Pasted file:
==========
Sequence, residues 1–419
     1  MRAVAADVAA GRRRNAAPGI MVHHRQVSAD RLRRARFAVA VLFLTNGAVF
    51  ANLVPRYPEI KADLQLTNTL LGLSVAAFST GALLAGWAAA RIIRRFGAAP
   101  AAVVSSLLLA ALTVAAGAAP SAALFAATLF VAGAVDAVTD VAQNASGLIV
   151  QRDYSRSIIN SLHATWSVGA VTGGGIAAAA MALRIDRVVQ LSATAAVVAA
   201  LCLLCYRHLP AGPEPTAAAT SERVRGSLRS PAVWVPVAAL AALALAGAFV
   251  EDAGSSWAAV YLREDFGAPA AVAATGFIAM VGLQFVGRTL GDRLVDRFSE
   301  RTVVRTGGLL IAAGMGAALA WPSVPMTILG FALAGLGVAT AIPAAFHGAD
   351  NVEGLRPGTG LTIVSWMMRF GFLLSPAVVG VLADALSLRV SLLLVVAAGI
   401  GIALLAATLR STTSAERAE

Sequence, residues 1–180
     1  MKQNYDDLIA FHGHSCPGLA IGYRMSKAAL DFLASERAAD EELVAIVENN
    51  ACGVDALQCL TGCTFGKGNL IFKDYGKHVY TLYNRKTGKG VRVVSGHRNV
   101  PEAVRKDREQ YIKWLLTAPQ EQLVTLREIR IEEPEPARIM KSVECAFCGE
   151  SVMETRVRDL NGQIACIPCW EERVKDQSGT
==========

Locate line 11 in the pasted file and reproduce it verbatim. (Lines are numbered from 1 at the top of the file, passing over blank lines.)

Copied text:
Sequence, residues 1–180